• Havana – Where to start with Havana, or La Habana as the locals call it. Sprawling, chaotic, at times beautiful and at others hideous. Frustrating, rewarding, roasting hot and really damn cool, it is a city of contradiction, contravention and of course, revolution. The place throbs to the beat of non-stop salsa, the plazas and little streets of Old Havana are amazing places to get lost and hide amazing secrets, the architecture is beautiful and above all it is, well, Don’t miss the Plaza Vieja for cocktails and people watching, the Revolution Museum for a dose of history and the enormous souvenir market by the waterfront for your retail fix.


Food and Drink
Sadly, eating in Cuba can be a very hit and miss experience. With some prior research, we managed to avoid the local takeaway staples – such as the “food tubers” (no idea) and the congealed spaghetti drizzled with tomato ketchup, and has some truly fantastic meals.

Although eating isn’t exactly super cheap – bar the aforementioned food tubers – as long as you are picky about where you eat Cuban food can be incredibly good value. For instance, we had an 3 course lobster dinner (see image – they were whoppers) with complimentary free cocktails for $12 at our amazing Casa in Havana. Seafood is very reasonable, with prawn dinners (with the standard rice, beans, salad and sauce) costing around $6-$9 and seafood pasta and pizzas ranging from around $6-$8 dollars. Follow our tips for reasonable and amazing food.

  • Rule number 1 – find a decent Casa with a great reputation for food. Not only will you get to eat in the comfort of your own home, get brilliant private service and actually hand out with some locals, you’ll also find some of the best and most reasonable food in Cuba. Expect around $5 for breakfast (decent size – tends to include eggs, a fruit salad, fresh fruit juice, bread, jam and some kind of pastry) and $8-$10 for vegetarian/pork/chicken/beef lunches and dinners, prawn dishes at around $12 and lobster between $14-$15. Lunches tend to include a salad and a coffee, while dinners will include the aforementioned along with a hefty portion of dessert. If you’re staying at a place for a few days they may well offer your additional reduced prices, and if you strike gold you may well end up with some free drinks to boot. Cocktails tend to be around $2 while beers will set you back $1.50-$2.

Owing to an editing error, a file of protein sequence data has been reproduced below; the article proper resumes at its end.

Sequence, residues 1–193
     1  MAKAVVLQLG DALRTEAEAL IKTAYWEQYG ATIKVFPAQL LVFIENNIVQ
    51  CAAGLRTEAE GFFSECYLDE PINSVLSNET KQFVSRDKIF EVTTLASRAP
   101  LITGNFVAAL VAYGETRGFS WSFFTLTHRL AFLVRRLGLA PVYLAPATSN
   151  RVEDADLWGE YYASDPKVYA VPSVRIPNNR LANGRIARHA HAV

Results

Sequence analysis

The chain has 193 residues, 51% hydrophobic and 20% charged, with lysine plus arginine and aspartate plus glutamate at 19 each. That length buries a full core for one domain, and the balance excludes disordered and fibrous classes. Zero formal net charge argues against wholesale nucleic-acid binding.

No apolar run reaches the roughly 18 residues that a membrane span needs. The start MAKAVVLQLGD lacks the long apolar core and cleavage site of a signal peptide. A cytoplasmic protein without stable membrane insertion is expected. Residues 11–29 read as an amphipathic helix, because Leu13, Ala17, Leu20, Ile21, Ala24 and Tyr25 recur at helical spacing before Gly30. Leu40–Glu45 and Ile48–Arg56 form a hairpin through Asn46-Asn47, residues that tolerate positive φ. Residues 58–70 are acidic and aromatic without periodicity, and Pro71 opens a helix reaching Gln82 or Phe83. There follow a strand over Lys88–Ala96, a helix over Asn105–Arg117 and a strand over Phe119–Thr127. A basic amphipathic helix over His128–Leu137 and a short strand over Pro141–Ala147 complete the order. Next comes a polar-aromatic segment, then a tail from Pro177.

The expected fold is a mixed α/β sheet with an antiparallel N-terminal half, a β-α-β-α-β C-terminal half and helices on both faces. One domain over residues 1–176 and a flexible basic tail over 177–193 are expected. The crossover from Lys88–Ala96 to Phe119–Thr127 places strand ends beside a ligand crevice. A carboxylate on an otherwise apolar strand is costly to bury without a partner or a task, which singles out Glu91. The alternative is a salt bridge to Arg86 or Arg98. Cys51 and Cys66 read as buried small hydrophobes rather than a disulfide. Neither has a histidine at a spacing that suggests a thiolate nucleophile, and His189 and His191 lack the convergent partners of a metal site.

• Eat Italian. Pizzas and pastas are absolutely everywhere and tend to be the cheapest thing on a menu.
  • Tripadvisor that bitch. A lot of places match their prices, and often the more expensive ones (read: government owned) aren’t necessarily any better, Quality really varies. We found some amazing restaurants (see below) by actually researching the places people bothered reviewing. If in doubt, follow the westerners and some truly inventive Cuban grub will await you.
  • Drink cocktails, or beer if you’re too manly for that. Rum is crazy cheap ($4 a bottle of decent Havana rum in the supermarket) and Cubans make excellent cocktails. Cuban wine however, is sadly rather shit.
  • Don’t rely on grocery shopping. The Cuban shopping system is baffling and leaves so very much to be desired. Bring staples if you plan on cooking and ask your casa if there are any decent fresh food markets about – imported goods are very expensive.

Habana 61 – Brilliant Cuban fusion cuisine. Very reasonably prices and one of the best meals we’ve had. We went twice in three days and loved everything on the menu. Eat the croquettes and thank me later.

ArtPub – Simple and understated cool little bar, open all day. Go for the beer ($2), massive cocktails ($3-$5) and insanely good sandwiches (all huge, priced at $4.50 and include a salad). They also do takeaway with equally satisfying portions. The Cuban sandwich was our fave.